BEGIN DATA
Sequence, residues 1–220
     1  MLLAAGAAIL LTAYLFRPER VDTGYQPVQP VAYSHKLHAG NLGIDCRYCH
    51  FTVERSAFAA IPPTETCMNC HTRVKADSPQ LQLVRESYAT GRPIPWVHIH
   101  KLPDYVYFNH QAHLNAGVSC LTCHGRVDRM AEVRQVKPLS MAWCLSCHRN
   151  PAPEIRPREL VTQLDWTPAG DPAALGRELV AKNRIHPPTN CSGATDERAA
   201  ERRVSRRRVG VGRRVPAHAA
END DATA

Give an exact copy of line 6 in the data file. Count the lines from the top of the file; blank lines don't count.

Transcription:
   201  ERRVSRRRVG VGRRVPAHAA